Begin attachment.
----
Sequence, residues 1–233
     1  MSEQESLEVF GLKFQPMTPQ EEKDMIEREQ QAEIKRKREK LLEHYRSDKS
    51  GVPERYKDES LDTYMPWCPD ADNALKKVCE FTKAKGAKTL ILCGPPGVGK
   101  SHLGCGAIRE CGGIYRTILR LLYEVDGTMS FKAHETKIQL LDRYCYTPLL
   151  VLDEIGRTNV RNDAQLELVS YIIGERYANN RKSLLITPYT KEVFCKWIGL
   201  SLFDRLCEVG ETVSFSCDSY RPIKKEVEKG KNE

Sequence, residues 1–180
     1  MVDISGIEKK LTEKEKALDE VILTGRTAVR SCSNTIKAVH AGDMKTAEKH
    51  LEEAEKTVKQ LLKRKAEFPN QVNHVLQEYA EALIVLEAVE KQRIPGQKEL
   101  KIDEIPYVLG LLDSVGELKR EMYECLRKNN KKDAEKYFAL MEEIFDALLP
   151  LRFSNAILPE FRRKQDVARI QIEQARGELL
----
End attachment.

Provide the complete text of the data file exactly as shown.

Sequence, residues 1–233
     1  MSEQESLEVF GLKFQPMTPQ EEKDMIEREQ QAEIKRKREK LLEHYRSDKS
    51  GVPERYKDES LDTYMPWCPD ADNALKKVCE FTKAKGAKTL ILCGPPGVGK
   101  SHLGCGAIRE CGGIYRTILR LLYEVDGTMS FKAHETKIQL LDRYCYTPLL
   151  VLDEIGRTNV RNDAQLELVS YIIGERYANN RKSLLITPYT KEVFCKWIGL
   201  SLFDRLCEVG ETVSFSCDSY RPIKKEVEKG KNE

Sequence, residues 1–180
     1  MVDISGIEKK LTEKEKALDE VILTGRTAVR SCSNTIKAVH AGDMKTAEKH
    51  LEEAEKTVKQ LLKRKAEFPN QVNHVLQEYA EALIVLEAVE KQRIPGQKEL
   101  KIDEIPYVLG LLDSVGELKR EMYECLRKNN KKDAEKYFAL MEEIFDALLP
   151  LRFSNAILPE FRRKQDVARI QIEQARGELL